the Buddhist training texts which probably date back to the late 1500's, during
the Ming Dynasty. These books have remained within the Chin family for five
generations and are extremely fragile and rare. All the techniques and forms
taught to and by Jimmy came from these two manuals.
Chin Siu Dek (Jimmy's Chinese name) was taught by his Great Uncle Chin Siu Hung
who was nicknamed Chin Neow Gee, which means "Crazy Devil." Hung was
an extremely large man, at 6'5" and weighing well over 320 pounds.
Following in his father and grandfather's footsteps, Hung became a well-known
fighter, teaching in his own San Soo school. He was an overlord for the entire
province, which at that time, the late 1800's and until 1941 was about the size
of Orange County,
He had complete control over nearly every aspect of the lives of the people in
that area. No one, started a business, moved, or made any other major decisions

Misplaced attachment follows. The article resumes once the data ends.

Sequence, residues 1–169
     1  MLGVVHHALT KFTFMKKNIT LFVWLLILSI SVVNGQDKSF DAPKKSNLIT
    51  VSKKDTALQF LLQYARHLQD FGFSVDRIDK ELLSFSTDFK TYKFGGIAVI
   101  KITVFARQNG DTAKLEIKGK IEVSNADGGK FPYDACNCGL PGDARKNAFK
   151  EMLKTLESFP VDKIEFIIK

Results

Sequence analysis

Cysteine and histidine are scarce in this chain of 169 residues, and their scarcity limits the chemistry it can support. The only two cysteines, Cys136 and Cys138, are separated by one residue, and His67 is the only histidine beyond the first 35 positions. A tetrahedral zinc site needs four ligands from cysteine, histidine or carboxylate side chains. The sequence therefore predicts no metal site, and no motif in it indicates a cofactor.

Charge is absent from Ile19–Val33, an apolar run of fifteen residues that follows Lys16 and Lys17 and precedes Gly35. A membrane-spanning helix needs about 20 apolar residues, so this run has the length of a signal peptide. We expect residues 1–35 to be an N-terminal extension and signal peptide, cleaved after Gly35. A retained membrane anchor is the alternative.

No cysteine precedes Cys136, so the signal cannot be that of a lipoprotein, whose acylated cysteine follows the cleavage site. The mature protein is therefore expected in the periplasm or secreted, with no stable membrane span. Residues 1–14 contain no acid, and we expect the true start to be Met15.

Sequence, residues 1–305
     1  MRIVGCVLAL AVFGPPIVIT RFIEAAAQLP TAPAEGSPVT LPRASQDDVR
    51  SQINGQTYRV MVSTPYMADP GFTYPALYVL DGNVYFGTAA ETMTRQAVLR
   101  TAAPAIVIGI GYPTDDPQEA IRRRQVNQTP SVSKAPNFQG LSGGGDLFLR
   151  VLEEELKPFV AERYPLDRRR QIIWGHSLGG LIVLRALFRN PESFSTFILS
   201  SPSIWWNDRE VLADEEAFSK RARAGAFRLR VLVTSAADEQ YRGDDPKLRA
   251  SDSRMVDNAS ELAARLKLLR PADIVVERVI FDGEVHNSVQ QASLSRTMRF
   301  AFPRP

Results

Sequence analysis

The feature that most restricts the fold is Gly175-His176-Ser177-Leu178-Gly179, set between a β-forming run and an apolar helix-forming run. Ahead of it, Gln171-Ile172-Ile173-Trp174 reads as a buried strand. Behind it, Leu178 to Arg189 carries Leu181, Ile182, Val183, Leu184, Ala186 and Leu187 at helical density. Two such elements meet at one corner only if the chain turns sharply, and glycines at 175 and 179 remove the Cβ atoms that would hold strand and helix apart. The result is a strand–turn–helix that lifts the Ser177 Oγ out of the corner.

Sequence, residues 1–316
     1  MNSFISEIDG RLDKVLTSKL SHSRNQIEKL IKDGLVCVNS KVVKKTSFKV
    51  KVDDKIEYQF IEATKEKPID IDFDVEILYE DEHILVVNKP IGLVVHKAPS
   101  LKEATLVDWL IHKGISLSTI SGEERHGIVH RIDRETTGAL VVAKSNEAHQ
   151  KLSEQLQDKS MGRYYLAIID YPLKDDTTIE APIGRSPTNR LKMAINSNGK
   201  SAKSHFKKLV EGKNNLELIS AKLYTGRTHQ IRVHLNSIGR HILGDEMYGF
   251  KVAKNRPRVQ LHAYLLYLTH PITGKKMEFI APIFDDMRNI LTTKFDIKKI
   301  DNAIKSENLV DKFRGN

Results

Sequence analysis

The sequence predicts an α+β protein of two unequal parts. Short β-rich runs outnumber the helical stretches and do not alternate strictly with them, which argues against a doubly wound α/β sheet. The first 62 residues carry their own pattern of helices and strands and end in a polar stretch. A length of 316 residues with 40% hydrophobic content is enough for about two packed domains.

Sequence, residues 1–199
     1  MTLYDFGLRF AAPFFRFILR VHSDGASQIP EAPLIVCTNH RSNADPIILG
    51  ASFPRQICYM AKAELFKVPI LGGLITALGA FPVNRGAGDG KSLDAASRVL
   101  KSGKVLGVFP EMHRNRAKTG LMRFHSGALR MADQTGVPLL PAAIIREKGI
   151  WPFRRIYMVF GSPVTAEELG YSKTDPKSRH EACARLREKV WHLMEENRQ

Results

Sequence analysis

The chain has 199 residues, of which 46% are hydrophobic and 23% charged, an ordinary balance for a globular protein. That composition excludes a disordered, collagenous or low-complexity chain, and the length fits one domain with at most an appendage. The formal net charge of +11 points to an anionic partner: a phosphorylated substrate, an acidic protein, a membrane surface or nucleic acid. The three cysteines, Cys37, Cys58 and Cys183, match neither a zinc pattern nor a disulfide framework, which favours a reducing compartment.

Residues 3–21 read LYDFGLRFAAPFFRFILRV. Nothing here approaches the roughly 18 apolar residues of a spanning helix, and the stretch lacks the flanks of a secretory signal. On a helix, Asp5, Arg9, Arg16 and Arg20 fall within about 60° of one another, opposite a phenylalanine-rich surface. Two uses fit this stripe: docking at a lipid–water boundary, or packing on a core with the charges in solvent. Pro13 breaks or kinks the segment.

without consulting Hung.
The Story of Chin Siu Dek
the age of four on Chin Siu Dek (Jimmy H. Woo) was to be his Great Uncle's prize
student. He learned extremely fast and loved the contact and grueling workouts
on hard floors. In his teens, Dek became a traveling teacher of Tsoi Lee Ho Fut
Hung, the five family names of the martial art perfected hundreds of years
before in the monastery very near his small village.
anyone in the province needed someone to come and settle a grievance, Dek was
the enforcer. When village elders decided it was time for the young men to learn
to defend themselves, Dek would be sent to live there for months at a time to
1933, at the age of 19, Chin Siu Dek left mainland
the passport name Jimmy H. Woo and sailed for the
States. During his early years
in this country, Jimmy lived in
Siu Hung was approximately 74 to 75 old when the Japanese invaded mainland
took over his beloved province. In 1933 or 1934 he was forced, against his
will, to answer a challenge to fight to the death the regimental Karate
champion of the Japanese army who was in his 20s. This was to be a public
display of power of the Japanese conquerors in front of the poor villagers of
the surrounding area. Under the threat of death to his people if he did not